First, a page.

Why Does This Have to Be So Dumb?

More Thoughts on Bright: Spoiler Space

When you watch a move that could be good, based on at least some of the talent involved, and then it turns out to be bad it’s infuriating. As I noted in my review of Bright, I’ve watched the film more than once. It’s a watchable film, with on-screen talent (Will Smith, Joel Edgerton, Noomi Rapace) that keep you interested in the movie even while recognizing that the story is garbage and little of what you’re watching makes cohesive sense. Could you imagine how much better the film would have been if it had a serious screenwriter involved (not Max Landis) and a studio that actually knew how to make good films (not NetflixOriginally started as a disc-by-mail service, Netflix has grown to be one of the largest media companies in the world (and one of the most valued internet companies as well). With a constant slate of new internet streaming-based programming that updates all the time, Netflix has redefined what it means to watch TV and films (as well as how to do it).)? That would have been a franchise-starting film worth watching.

But because the film was just watchable enough, it’s stuck with me. I’ve been thinking about things that just didn’t work, reasons why the story falls apart, and how it all could have been improved. While this is not a comprehensive list of all the story flaws in the film, here are a few big things that I wants to discuss further, items that had they been addressed better, might have improved the film substantially:

The Dark Lord

Who is the Dark Lord? The villains of the film, the Inferni (the race of “evil” elves), want to resurrect the Dark Lord, and there are various other groups (like the Brotherhood of Light) who are preparing to fight the Dark Lord when he rises again. Now, the Brotherhood are presented as crazy, apocalypse preppers, but they also happen to be right to be worried since the Inferni are out there, waiting for their chance. While we don’t get a good exploration of the Brotherhood (which, frankly, we really should since that seems like one of those rich, world-building details we need more of), we do learn that they were fighting the Inferni all because, yeah, the Dark Lord could be coming back soon.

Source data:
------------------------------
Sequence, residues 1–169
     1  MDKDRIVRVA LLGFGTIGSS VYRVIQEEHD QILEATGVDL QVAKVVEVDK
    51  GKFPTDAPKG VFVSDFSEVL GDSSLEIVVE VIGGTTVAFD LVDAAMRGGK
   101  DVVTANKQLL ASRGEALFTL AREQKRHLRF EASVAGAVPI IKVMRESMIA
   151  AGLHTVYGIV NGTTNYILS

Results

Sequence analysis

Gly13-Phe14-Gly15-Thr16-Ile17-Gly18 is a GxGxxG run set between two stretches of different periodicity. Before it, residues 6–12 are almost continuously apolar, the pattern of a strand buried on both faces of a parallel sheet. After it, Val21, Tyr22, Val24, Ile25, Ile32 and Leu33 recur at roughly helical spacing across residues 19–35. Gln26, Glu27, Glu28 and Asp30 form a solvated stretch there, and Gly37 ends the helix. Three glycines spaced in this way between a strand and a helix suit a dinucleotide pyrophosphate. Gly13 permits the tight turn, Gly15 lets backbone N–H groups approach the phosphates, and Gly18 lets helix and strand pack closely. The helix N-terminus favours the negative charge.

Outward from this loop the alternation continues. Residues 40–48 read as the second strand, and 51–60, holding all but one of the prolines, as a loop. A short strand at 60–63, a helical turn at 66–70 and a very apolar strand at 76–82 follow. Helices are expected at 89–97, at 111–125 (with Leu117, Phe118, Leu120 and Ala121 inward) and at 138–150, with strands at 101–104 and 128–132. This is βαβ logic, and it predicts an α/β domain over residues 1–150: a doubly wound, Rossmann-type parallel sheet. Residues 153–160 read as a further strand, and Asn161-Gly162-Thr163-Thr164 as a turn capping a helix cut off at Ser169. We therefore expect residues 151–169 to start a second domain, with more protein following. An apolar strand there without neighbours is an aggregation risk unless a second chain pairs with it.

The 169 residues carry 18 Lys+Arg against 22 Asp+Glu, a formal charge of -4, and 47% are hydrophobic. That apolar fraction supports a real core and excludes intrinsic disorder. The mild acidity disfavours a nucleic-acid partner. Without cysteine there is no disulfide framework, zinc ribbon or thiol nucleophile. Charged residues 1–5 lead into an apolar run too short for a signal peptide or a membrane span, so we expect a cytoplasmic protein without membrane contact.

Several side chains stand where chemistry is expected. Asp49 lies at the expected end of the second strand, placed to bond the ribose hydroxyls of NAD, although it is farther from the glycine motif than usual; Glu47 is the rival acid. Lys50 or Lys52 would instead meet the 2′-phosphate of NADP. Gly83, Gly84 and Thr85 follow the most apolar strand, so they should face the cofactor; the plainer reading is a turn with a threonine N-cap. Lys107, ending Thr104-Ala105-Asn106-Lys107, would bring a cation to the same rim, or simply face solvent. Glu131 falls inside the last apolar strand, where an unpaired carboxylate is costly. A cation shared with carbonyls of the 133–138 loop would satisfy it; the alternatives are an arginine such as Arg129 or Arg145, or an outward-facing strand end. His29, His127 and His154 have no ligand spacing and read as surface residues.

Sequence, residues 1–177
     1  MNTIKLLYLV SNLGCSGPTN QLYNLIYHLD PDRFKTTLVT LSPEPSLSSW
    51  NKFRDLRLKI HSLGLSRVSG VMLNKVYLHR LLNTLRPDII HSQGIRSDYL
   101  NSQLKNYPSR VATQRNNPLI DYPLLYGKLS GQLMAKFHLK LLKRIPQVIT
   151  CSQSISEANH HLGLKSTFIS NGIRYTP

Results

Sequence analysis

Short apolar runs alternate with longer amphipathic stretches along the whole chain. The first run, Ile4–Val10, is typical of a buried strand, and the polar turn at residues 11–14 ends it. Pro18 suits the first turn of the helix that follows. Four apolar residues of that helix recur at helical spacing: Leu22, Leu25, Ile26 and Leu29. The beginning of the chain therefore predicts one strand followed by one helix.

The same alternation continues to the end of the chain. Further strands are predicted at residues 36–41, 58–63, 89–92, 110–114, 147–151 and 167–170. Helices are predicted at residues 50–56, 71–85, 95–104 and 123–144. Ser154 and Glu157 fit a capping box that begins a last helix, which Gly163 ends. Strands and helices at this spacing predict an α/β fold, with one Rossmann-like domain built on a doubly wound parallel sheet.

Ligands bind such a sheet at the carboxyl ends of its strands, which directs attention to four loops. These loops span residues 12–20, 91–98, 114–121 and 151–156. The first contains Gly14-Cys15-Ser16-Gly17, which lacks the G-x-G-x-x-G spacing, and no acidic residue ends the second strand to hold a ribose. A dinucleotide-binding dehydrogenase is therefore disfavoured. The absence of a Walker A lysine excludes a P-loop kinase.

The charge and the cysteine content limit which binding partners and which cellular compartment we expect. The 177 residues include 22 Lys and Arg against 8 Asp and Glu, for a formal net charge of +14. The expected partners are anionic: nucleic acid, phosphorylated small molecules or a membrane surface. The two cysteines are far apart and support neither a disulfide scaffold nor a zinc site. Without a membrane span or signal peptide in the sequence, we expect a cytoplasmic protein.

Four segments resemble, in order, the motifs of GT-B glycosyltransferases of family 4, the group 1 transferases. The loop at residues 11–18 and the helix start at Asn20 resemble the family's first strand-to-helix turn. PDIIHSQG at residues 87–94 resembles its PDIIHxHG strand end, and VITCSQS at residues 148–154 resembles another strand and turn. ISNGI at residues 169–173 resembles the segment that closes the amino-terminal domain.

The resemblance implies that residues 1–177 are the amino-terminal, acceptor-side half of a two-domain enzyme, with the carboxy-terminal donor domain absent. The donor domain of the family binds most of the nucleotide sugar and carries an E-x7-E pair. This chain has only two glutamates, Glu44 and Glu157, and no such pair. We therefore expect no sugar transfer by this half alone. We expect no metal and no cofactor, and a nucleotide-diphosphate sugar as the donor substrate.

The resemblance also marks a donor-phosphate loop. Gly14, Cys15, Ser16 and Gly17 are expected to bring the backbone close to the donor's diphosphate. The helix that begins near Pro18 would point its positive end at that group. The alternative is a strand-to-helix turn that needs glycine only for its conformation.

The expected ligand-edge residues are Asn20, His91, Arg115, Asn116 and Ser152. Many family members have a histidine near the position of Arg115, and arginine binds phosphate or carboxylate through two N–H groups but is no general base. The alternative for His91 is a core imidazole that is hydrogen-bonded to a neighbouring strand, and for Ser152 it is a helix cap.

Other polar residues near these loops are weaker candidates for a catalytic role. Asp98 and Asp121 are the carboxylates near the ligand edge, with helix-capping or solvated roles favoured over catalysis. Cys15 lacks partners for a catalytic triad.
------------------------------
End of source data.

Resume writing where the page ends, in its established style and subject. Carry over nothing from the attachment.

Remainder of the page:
The Dark Lord, while handled in hushed tones (almost like he’s Voldemort), doesn’t actually get any detail about who he is or why we should fear him. “He tried to take over the world centuries ago and the orcs sided with him while everyone else fought against him,” is the most we get. It is, to be blunt, lazy storytelling. He’s called “The Dark Lord” so obviously he has to be bad, but without any real historical context – and by that I mean slotting him into a real point in the timeline of human civilization, since this whole world is supposed to mirror our own – we don’t really get how bad he is or why we should fear him.